Three takes on the debut LP In Colour by producer Jamie XX
It can be difficult to gain a balanced perspective on an album after reading a single summary of the music. Bias can tilt a review, as can personal taste, history and just about everything else that is unique to the person writing it. So in an effort to offer an expanded perspective in such a medium, here are three reactions, three impressions, three takes on In Colour by Jamie XX.
Ali Elabbady, @egyptoknuckles
While we’ve been few and far between a new record from The xx, Jamie xx has been filling a lot of that void with a lot of one-offs and also keeping the torch alive for those fans who like their music cavernous and eerie. If We’re New Here, the remix album he worked on with Gil Scott-Heron was any indication, then In Color is the grand entrance of Jamie xx. Equal parts entrancing and chill, Jamie gathers obscure audio quotes, interesting vocal appearances from Romy of The xx, Young Thug, Popcaan, and Oliver Sim, Jamie gives every soundscape cacophonous and reverb heavy keys, and some of the eeriest drums to grace a project that delves into deep house and dance. Think Air’s “Moon Safari” in a more interplanetary way, especially on tunes such as “Gosh,” and the heavy groove in “Loud Places,” are just a few of the standouts here in this debut. Overall, you might be clamoring for a project from The xx, but this Jamie xx album should hold you over for those late summer nights.
Jon Jon @Soundverite1
British producer Jamie xx from xx, was raised in the post-rave culture of the UK, highlighted by Aphex Twin, LTJ Bukem, Burial and Four Tet. His band xx explores the beauty of isolation and loneliness defined by an artful goth sound, precise production, and understated vocals, reminiscent of the Cocteau Twins and other 4AD bands.
After two records with xx and tons of remixes, Jamie xx makes a move toward fun with his first solo record. It opens with the head-rush of a workout “Gosh”, drawing from the U.K.’s Grime & Garage scene. “Seesaw” glides over deep bass and gets a lovely assist from xx compatriot Romy Madley-Croft. The atmospheric thump of “Sleep Sound”, sounds like a great lost track from Chicago’s golden era circa
1979-83. The pulsating “Ovsa” soars with its steel drums filtered though the English avant-garde synth pop group Art Of Noise. On “Stranger in a Room”, xx member Oliver Slim contributes vocals, understated but not sad, echoing the xx sound, as Oliver Slims sings “I don’t want to waste my time.” “Loud Places” also features the emotional Madley-Croft’s resonant voice: “I have never reached such heights, I feel music in your eyes”. Lead by the breakout single “I Know There’s Gonna Be (Good Times)”, built on the sample from The Persuasions’ 1972 hit single “Good Times”. The vocals recorded separately by rapper Young Thug and dancehall artist Popcann. “The Rest Is Done” is nice instrumental flourish. Closing with “Girl”, with the cries of “I want your love, I want your love, give me your love” executing a perfect end of night score.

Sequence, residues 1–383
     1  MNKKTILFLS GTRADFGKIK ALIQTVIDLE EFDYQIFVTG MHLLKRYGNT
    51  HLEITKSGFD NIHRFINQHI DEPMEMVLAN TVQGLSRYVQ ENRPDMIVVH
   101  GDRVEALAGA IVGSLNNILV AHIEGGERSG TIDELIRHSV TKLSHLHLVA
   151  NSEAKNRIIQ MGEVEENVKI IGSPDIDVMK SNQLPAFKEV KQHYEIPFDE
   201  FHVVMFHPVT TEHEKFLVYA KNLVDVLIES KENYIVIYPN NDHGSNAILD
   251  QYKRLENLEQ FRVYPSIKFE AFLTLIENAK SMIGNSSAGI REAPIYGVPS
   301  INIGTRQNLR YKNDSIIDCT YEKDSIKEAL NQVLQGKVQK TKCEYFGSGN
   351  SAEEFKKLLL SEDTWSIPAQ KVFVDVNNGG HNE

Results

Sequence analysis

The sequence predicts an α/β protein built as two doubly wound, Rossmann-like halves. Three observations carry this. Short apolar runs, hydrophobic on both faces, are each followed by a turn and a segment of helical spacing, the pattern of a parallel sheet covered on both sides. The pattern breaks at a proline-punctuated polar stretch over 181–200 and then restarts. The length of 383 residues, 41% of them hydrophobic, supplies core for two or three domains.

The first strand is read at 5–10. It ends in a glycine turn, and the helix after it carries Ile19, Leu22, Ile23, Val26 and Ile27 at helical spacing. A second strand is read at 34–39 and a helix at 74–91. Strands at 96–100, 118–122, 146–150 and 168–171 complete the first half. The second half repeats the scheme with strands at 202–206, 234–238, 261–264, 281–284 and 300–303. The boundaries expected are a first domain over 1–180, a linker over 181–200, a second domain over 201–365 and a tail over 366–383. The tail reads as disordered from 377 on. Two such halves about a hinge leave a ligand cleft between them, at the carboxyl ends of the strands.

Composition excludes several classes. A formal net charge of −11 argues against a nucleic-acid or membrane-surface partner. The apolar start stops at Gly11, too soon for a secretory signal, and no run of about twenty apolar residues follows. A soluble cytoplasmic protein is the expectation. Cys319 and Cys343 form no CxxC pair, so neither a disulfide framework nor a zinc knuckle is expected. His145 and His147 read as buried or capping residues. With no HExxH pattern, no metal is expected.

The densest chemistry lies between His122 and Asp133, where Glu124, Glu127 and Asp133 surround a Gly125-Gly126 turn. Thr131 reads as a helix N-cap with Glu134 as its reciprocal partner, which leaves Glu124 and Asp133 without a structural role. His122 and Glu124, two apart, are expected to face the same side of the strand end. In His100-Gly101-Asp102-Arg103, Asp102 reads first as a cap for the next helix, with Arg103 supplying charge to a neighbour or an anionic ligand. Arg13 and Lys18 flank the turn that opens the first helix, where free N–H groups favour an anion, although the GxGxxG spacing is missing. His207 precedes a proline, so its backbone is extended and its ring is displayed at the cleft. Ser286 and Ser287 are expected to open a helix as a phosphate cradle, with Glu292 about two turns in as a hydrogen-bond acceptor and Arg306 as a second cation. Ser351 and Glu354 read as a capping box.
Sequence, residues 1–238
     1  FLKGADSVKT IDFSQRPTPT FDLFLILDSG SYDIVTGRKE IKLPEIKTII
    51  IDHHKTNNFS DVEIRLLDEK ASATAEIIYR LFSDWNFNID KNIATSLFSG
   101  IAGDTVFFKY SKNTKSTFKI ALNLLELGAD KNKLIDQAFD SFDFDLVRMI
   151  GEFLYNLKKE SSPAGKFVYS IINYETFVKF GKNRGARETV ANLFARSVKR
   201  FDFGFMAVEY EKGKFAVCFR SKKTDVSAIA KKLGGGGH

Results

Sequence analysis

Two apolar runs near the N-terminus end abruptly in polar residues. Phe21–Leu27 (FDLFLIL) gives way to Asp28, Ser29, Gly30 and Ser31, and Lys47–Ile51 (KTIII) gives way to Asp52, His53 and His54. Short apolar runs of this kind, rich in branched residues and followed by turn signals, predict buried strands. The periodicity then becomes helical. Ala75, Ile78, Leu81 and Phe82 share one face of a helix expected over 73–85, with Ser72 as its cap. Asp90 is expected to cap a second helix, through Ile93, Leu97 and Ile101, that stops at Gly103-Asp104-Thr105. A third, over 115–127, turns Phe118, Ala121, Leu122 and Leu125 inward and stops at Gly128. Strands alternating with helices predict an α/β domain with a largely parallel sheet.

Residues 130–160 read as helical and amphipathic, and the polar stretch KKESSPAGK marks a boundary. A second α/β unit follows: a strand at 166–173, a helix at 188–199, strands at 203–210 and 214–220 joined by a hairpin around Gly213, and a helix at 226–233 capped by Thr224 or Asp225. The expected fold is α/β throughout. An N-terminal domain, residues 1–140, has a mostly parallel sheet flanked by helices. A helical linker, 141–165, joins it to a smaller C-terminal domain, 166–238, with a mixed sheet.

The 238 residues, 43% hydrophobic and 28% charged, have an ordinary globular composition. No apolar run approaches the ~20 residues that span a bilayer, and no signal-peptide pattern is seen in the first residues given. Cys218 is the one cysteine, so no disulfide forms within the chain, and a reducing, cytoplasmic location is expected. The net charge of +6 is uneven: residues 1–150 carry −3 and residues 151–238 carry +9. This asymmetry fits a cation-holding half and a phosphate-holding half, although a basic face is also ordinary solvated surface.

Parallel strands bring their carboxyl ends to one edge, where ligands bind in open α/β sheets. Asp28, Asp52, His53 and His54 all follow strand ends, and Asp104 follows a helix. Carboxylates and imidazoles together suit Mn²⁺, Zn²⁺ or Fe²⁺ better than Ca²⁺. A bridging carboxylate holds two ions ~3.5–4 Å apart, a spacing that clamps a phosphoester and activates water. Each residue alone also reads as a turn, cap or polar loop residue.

In Colour is indeed a vibrant, feel good record, diverse in its influences – at one moment house or rave, U.K. Garage, or electronic R&B, layered with production that maintains a careful attention to detail. In Colour works like a mix-tape from a trusted friend. Jamie xx occupies a space where he joyfully celebrates not being so serious, enjoying the moment instead of staring down at his trainers.
It doesn’t take an ocean of knowledge to realize what In Colour is in relation to its influences. Could you be mad that Jamie xx for pinching liberally from overcast R&B, U.K. Garage, the colorful & lush side of house and probably other genres? Sure. But you’d miss out on a great album that, whether it breaks any new ground, sounds fresh and alive in a way that should be especially appreciated during these summer months. From the pop/rap “hit” “I Know There’s Gonna Be (Good Times)” to the xx-sounding “Loud Places,” it is clear that despite going at this (mostly) alone, Jamie wasn’t afraid to go for a home run and bring in others to make it work. Both of these songs are making waves in certain circles, and there is no reason they shouldn’t make waves beyond that, as they capture what they are doing so incredibly well. From the manic opener “Gosh” to the inward-looking, kettle drum driven “Obvs,” In Colour is an album that ebbs and flows in all of the right ways, and has a strong continuity that makes the sum even better than the (really strong) individual parts. He goes from heavy, soulful tracks like “Hold Tight” that lean more towards his dj work to multiple tracks featuring his xx bandmates, which sound like pieces from what I imagine a successful follow up to their smash hit debut LP. While it is a bit of a patchwork quilt, it works really well. Whether darkly hypnotic or wildly euphoric, it is a rollercoaster ride of electronic music, touching on many touchstones of the genre. It is OK to believe the hype. In Colour takes notes from the electronic music history book that Jamie xx clearly has dog-eared and marked up, and makes a loving tribute to the spirit and the music he loves.